The sustainable albacore tuna (better choice category in the Marine Conservation Seafood Guide).
As you might expect many Sicilian fish recipes are for the aristocrats of Sicilian fish – the blue-fin tuna and swordfish – but these species have been overfished and are no longer sustainable, not just in Sicily, but worldwide.
A century ago in Sicily, during tuna fishing season, it was easy to catch thousands of tuna, each weighing approximately 300 kilograms, but their numbers have fallen drastically.
Unfortunately, the situation with swordfish (pesce spada) is much the same as with blue-fin tuna. Once it would not have been unusual for fishers to haul into their fishing boats, swordfish measuring more than five metres long. Now, especially in the Mediterranean, stocks have rapidly reduced due to overfishing.
For all the Sicilian recipes intended for tuna and swordfish I use the sustainable albacore tuna. My vendor stocks it when he can get it, but not all fishers are interested in catching it because it does not fetch high prices – it is not in demand as an export to Japan (where tuna is preferred eaten raw and red) and therefore it is the cheaper alternative. I have sometimes seen albacore tuna for sale at only one other stall at the Queen Victoria Melbourne Market – it has never looked appealing; it has been cut roughly and with high proportion of red flesh. When I am able to purchase it from my vendor (Happy Tuna Seafood), he has either cut it into quality thick steaks, or as a larger fillet left whole, or in a vertical slice from the centre of the tuna (see photo).
This cut is called a rota (in Sicilian). In Italian the word is ruota – a round or a wheel. I have stuffed the slices of tuna with garlic and rosemary. The rota is cooked in one piece and is separated into portions when it is ready to serve. I have found the slices of tuna I purchase in Australia to be smaller than those I remember in my childhood and will only feed 2–4 people. I remember my grandmother Maria in Catania cooking a very large rota of tuna during one of our visits to Sicily. It must have weighed about 2 kilos and it fitted very tightly in a shallow fry pan (an indication of how large the fish once were).
The pale flesh and versatility of Australian albacore tuna is very under rated. It is known as the chicken of the sea – the flesh turns white when cooked.
Cooking albacore tuna and RECIPE
I generally braise albacore tuna, usually with tomatoes, capers and herbs. I always insert flavours into the flesh (slivers of garlic, herbs or cloves). Sometimes I use white wine, but on this occasion I softened some onion in some extra virgin olive oil, sealed the slices of tuna and then added some dry marsala , orange slices and bay leaves. When I am braising food, I always cover the pan with a lid and cook it slowly.
Yellow-fin tuna and Big-eye
Both of these species of tuna are wild-caught, but catch rates are declining so they are in the think twice category (Marine Conservation Seafood Guide).
Big-eye is the second most popular tuna for sashimi and unfortunately numbers are declining very fast.
Southern Blue-fin tuna
Southern blue-fin tuna always seems to be available for purchase. This is because much of it is farmed, but some is wild-caught.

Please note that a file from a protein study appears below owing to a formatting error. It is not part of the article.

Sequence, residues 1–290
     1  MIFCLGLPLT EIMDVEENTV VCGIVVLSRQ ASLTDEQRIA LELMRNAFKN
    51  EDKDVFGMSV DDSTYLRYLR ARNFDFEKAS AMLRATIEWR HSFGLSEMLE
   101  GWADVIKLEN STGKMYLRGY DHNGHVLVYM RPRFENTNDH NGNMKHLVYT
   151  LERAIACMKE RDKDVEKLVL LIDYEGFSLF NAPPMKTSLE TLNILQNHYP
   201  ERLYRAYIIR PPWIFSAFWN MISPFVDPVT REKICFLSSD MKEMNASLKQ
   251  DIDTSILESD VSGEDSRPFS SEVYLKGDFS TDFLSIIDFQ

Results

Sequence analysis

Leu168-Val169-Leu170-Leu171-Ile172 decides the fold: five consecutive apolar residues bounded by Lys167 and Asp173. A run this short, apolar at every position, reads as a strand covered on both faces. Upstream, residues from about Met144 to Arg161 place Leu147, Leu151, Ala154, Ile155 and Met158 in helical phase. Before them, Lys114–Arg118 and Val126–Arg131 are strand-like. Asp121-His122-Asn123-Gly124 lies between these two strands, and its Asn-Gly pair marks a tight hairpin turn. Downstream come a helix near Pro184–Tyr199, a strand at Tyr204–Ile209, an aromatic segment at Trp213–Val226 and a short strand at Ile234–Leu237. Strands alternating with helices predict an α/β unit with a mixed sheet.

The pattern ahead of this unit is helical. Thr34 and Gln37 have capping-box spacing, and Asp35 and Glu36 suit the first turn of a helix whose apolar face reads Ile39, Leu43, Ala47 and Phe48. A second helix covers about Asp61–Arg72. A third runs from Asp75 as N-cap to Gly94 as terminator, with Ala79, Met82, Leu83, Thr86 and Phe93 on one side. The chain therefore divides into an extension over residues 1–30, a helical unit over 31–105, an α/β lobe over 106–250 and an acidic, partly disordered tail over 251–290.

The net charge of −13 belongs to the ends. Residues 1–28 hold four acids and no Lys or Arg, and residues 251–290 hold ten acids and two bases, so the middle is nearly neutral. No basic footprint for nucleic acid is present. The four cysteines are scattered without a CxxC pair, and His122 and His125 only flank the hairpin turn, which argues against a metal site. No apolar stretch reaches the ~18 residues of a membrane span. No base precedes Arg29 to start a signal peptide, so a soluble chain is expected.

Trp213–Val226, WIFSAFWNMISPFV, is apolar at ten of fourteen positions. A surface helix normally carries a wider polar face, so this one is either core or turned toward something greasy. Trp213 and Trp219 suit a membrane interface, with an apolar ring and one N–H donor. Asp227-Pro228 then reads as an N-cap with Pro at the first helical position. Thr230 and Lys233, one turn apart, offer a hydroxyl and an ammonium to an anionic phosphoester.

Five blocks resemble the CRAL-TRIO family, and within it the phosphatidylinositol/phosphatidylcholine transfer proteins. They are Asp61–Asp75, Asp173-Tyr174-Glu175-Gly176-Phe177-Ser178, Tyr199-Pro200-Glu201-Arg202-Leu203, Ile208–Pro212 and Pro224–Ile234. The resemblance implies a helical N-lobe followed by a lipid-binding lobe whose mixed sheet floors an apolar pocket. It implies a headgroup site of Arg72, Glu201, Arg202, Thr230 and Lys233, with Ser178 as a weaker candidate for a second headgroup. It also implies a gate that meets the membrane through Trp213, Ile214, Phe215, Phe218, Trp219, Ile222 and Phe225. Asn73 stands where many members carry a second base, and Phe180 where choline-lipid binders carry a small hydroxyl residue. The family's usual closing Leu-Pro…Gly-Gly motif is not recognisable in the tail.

We need to say no (Marine Conservation Seafood Guide) to the most popular species of tuna because it has been severely over-fished in and outside the Australian fishing zone. Most are caught wild and then fattened in sea-cage aquaculture farms, especially around Port Lincoln in South Australia.
For a long time I had thought that fish produced by, such as tuna, ocean trout and salmon was sustainable and was surprised to find that the Marine Conservation Seafood Guide totally apposes sea-cage aquaculture – penned, dense schools of fish in large floating cages moored in bays and estuaries.
Although sea-cage aquaculture may sound preferable to the wild-caught fish, there are problems associated with sea-cage aquaculture. Views expressed by a variety of environmentalists are:
• Tuna farming is a large and profitable industry and it involves herding juvenile tuna from the wild into pens to fatten in cages – it is called fish ranching.
• Fish farms are established in bays and estuaries to avoid damage from storms and currents and they need clean and frequent water exchange. Unfortunately other wild fish and marine life also favour these and their habitat is affected.
• Significant amounts of waste can be discharged from fish farms back into the ocean – the nutrients in unused fish feed, fish faeces and the chemicals and pharmaceuticals used to keep the fish healthy and the pens clean. These can be toxic to many aquatic species and impact on the surrounding environment.
• There is also the potential for some farmed fish to escape. These could spread diseases and can threaten local, wild species by competing for food and habitat and interfering with their breeding.
• Farmed tuna are fed large quantities of wild, whole fish (pilchards, sardines, herrings and anchovies, chosen for their high oil content and mostly imported). Penned tuna are fed three times a day, whereas in the wild, they may eat once a week.
In the hands of an able cook, fish can become an inexhaustible source of perpetual delight.
Jean-Anthelme Brillat-Savarin (1755-1826)